It’s a Lot More Than Spare Change
By Eric Wright
Years ago, Lee Feldman, the former city manager in Palm Bay and now Ft. Lauderdale, and I had become good friends – not just professional colleagues. I had been asked to serve on the city’s Economic Development Council, to chair their Visioning Commission and Lee even invited my family to his home for a Passover Seder. This was not typical for pastors, so when he called about meeting for breakfast, I was sure there was something important on his mind.
Lee, in his direct but congenial style, got to the point: “We have a problem with homelessness in our community and frankly, I don’t know what to do.” We discussed the problem, but I simply had too many priorities and taking on homelessness wasn’t one of them. To this day, I regret my rather anemic response.
I don’t think I’m alone. For many, our only contact with the homeless are the disheveled people who stand at the intersections, with cardboard signs, waiting for a handout; making you feel bad if you don’t give something, but also questioning if you do give something. That changed for me personally when I visited my cousin in California and discovered his son, who is bipolar, was homeless. Too paranoid to accept any kind of psychiatric treatment or assistance his parents offered, he lived in the woods only a few miles from their beautiful home just east of Malibu.
Head Matter & Heart Matter
A great rabbi once said, “Wisdom is when there is no conflict between your heart and your head.” For many, the heart issue of homelessness is something that resonates with us. However, for all of us, the head issue of what this epidemic is costing our communities has to be grasped.
Leaders in this field like Andrae Bailey, CEO of the Central Florida Regional Commission on Homelessness, divide the homeless into two broad categories. The first is the “Episodic” homeless, who because of their circumstances are temporarily homeless. As Bailey said, “They measure their homeless experience in days or weeks.” The other group are the “Chronic” or long-term homeless, like my cousin’s son. These are individuals whose homelessness results from some form of mental, physical or emotional disability.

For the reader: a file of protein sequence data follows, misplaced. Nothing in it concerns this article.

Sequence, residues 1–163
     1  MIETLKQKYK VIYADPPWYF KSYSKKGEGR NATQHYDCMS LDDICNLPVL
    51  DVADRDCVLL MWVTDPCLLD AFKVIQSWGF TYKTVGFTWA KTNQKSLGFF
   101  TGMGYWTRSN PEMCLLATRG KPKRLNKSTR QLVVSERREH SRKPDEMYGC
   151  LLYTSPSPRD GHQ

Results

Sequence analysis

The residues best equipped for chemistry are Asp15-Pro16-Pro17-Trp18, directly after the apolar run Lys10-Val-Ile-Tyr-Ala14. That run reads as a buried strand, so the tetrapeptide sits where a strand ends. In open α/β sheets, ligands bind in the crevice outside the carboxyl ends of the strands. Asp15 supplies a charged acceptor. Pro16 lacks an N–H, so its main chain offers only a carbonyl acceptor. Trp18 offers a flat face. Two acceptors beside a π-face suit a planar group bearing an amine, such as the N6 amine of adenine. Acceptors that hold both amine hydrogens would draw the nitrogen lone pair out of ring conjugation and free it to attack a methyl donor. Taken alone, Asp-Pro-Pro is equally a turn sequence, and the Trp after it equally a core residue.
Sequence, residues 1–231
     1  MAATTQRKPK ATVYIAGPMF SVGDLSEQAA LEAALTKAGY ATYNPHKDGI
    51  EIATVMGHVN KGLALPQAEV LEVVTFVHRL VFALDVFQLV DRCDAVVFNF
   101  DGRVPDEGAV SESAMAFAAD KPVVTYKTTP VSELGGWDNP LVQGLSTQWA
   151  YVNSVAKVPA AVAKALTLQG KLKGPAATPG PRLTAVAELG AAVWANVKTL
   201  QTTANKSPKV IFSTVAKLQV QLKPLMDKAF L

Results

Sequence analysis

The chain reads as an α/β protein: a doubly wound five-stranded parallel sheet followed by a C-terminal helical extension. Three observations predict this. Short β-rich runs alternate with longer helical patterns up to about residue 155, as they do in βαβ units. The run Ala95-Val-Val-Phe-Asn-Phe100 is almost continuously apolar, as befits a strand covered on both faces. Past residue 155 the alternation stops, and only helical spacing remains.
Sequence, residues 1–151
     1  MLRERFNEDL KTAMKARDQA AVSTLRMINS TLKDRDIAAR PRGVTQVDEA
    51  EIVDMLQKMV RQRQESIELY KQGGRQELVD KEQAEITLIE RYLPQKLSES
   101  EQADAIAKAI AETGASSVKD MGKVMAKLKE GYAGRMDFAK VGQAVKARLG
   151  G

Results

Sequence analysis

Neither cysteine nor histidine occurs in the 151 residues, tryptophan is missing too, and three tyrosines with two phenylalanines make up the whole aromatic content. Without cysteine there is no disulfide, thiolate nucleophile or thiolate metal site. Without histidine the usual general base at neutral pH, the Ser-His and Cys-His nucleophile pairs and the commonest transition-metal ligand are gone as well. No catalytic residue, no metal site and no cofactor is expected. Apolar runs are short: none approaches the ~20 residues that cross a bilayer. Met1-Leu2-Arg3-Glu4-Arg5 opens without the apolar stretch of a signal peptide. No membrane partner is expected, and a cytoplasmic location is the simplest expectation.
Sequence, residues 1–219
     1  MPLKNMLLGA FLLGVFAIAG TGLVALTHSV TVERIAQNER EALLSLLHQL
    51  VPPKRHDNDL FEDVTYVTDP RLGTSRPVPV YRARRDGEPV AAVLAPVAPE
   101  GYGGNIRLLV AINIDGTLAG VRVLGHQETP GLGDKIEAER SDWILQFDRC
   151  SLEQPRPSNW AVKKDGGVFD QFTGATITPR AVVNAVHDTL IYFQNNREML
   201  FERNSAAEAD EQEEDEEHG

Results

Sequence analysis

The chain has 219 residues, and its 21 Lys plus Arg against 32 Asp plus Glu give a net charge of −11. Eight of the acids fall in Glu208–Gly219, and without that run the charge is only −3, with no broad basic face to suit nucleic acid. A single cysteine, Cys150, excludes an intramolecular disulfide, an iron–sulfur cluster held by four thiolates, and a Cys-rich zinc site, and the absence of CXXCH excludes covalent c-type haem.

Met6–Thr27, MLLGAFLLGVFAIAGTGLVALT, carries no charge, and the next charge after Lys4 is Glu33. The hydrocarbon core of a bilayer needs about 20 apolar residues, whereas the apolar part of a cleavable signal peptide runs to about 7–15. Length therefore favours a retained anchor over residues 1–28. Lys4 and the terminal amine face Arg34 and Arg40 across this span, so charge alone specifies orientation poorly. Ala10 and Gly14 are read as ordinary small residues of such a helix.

The Commission did a study on the cost of these chronically homeless individuals in our community and their findings were astonishing.
Here Are the Facts
The 37 people they tracked in Orange County were arrested a total of 1,320 times over the course of 10 years, almost always for non-violent offenses. The average booking cost per offense was $104, for a total cost to the community of $137,280. But it doesn’t end there; the 1,320 arrests resulted in an average incarceration of 24.8 days, totaling 32,736 days of incarceration, with an average daily cost of $103, for a total community cost of $3.5 million over 10 years for just these 37 people.
This doesn’t include the burden the chronically homeless put on hospitals, particularly emergency rooms. In the three-county area the study covered, following 107 chronically homeless people, the costs were $2.2 million per year.
Let’s put this in perspective: the cost per person per year in the three-county study area of Seminole, Orange and Osceola Counties, was $31,065 per person. When we multiply that times the estimated 1,577 chronically homeless people in those areas the total comes to $49 million a year!
It underscores the Commission’s premise that, “The cost of doing nothing isn’t nothing.” Other communities like Salt Lake City and Houston have made amazing progress, and we can too.